S. Martin Shelton

Retired U.S.Navy Captain, Novelist

Archive for the tag “Steve Canyon”

Book Review- Steve Canyon Volume 7: 1959 to 1960 by Milton Caniff  

Screen Shot 2017-05-05 at 1.42.30 PM.png

Rating – Two Stars

Disappointed again. Perhaps I’m getting too old nowadays to appreciate Caniff’s story-telling art. I recall clearly my thrill as a nipper waiting for the morning paper to see and read new frames of Caniff’s classic “Terry and the Pirates” comic strip—superb in every dimension. I ordered this Steve Canyon book several months ago and was in keen anticipation of reading superior action-adventure tales set in exotic locations and with lustful dames as dangerous protagonists—for example, the ominous and strikingly beautiful Chinese pirate, the Dragon Lady.

2. Dragon Lady with Pistol.

Unfortunately, this volume of Steve Canyon’s adventures falls short. Too many of the mise en scénes for Caniff’s stories are domestic and lack panache. His art is superior to almost all other comic strip artists. His perspective and detail give keen depth to the frames, but too many do not have the vivacity that I would expect from Caniff. From time to time, nonetheless, sparks of the past pervade this tome. The following are the scenarios:

  1. Canyon is in Latin America to rescue a refugee girl whose brother is an American intelligence agent, from eeevil Red agents. Impossible adventures result.
  2. Madam Lynx, a beautiful and skillful opponent, appears out of the past, this time as the headmistress of an exclusive girls’ school in a unnamed Central American country. Canyon discovers that the school is not what it seems. It is an academy to train “swallows”—seductive young women working for the Comintern. Lynx has her way with Canyon. Undeterred, he prevails by closing the school, having the Red no-goodnicks arrested, and rescuing a captive Air Force nurse.
  3. A desperate appeal, via a clandestine radio, sends Canyon to a mystical Mideastern country. It’s from his old annoyance, hip-talking Convoy, now grown into a comely woman who, as before, is determined to marry Canyon. Convoy leads a guerrilla cadre of widows, dubbed the Black Widows, determined to rid their country of the Reds. More follows.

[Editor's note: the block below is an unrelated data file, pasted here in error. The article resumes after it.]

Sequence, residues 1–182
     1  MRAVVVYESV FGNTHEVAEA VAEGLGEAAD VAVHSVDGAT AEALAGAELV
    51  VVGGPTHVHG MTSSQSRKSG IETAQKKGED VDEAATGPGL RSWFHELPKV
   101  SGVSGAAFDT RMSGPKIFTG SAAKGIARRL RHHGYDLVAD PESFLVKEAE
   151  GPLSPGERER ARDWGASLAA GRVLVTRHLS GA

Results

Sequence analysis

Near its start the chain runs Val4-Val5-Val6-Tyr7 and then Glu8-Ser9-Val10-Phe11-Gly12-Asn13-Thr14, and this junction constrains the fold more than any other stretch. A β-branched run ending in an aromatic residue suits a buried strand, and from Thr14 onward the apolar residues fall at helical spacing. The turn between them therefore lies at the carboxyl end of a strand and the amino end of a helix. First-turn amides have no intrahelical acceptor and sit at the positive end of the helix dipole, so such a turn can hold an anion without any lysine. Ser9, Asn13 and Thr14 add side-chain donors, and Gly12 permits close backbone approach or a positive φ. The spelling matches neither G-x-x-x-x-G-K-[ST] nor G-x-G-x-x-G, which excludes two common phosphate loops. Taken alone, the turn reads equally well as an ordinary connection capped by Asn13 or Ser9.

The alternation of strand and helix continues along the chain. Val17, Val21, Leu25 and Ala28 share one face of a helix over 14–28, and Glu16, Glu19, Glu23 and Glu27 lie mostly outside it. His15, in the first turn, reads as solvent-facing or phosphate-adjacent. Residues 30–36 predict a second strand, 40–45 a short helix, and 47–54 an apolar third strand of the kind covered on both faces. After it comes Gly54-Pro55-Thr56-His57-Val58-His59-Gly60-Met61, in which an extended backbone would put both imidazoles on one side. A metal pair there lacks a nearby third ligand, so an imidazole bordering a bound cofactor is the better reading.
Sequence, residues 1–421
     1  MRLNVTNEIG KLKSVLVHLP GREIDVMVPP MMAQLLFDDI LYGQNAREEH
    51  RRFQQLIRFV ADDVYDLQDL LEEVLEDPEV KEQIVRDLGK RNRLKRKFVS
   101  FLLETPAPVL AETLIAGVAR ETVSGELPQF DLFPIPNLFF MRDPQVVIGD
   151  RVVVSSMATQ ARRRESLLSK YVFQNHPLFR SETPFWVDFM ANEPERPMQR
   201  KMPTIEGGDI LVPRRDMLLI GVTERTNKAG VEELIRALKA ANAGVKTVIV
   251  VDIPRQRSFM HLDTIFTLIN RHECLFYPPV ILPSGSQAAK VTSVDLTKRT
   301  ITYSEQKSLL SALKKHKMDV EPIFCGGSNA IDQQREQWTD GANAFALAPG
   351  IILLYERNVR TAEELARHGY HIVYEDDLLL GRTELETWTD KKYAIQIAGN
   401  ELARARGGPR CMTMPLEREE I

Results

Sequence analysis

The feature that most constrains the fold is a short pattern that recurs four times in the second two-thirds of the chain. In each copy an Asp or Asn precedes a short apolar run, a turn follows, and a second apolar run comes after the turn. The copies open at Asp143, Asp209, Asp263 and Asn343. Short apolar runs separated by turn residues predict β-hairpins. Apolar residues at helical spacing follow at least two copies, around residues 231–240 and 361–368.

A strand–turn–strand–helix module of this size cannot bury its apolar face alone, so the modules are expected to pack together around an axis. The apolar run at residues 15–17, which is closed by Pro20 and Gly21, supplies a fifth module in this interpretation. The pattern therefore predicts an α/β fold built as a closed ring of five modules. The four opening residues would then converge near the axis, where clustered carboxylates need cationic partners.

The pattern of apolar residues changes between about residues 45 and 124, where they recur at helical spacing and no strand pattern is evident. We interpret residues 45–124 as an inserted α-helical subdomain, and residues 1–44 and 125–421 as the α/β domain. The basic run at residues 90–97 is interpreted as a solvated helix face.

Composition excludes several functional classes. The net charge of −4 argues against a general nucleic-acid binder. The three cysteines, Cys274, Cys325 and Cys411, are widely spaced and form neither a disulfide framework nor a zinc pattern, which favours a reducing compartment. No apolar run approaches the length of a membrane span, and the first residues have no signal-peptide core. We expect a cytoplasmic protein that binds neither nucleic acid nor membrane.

Scenarios 4 and 5 are domestic soap opera starring Mrs. Olsen, Canyon’s impossible love, and the eeevil and glamorous Copper Canyon, a female industrialist—both embroiled in domestic scenarios of no import.

Following those are more domestic scenarios that feature his hot-tempered ward, Poteet Canyon, bent on marrying Steve, and the troubles she generates.

Lastly, Canyon saves Tokyo from an atomic bomb detonation by a feat of derring-do nonpareil.

Read more by S. Martin Shelton!

Advertisements

BOOK REVIEW: Steve Canyon, Volume 1955 to 1956 by Milton Caniff

SteveCanyon5_PRI opened the cover of this tome with eager anticipation—to read and view another of Caniff’s boffo comic-strip stories about the rousing adventures of the heroic Lieutenant Colonel Steven B. Canyon, USAF. Alas! I was disappointed.

I found that Caniff’s stories in this volume had plots that are incongruous to the Steve Canyon mystic, and unfortunately, some are nonsensical.

Included are several of out-of-character stories: three smarmy, soap opera narratives. One smacks of the travails of Pearl White in Perils of Pauline film serials of 1914–Steve “Do Good” Canyon rescues the damsel in distress from a fate worse than death. Another is a Y/A recital in which Canyon adopts a distant cousin—a sixteen-year old rambunctious and comely female who helps Canyon save his Air Force base from a hostile populous.

I missed the roaring adventures of Canyon in some exotic location out whiting the classic “bad guy” that usually has distorted facial or body features. I missed Steve matching wits with a glamorous dame clad in a skin-tight ensemble that reveals more than it ought, and who is intent on corrupting him into her evil designs. I longed to see Caniff’s eeevil Dragon Lady maneuver her voluptuous charms to inveigle Canyon into her piratical schemes and into her quarters on her sea-going junk sailing the South China Seas.

Canyon drafts his females out of a dream—gorgeous creatures with body proportions not seen on humans—all proffer a wasp-thin waist, high-arched eyebrows, and brassy bosoms in blouses that are cut on the bias that emphasize their near-perfect form..

I miss Caniff’s finely detailed drawings of yesteryear where most every frame was a cameo —“Terry and the Pirates” of the 30s and “Miss Lace” of the 40s, for examples. However, progressively in the Steve Canyon narratives, his drawings reflect a short cut to his art. Occasionally some of his drawings mimic his past exactness but far too many do not.

Nonetheless all the above, I’m looking forward to getting the next publication in this series.

Post Navigation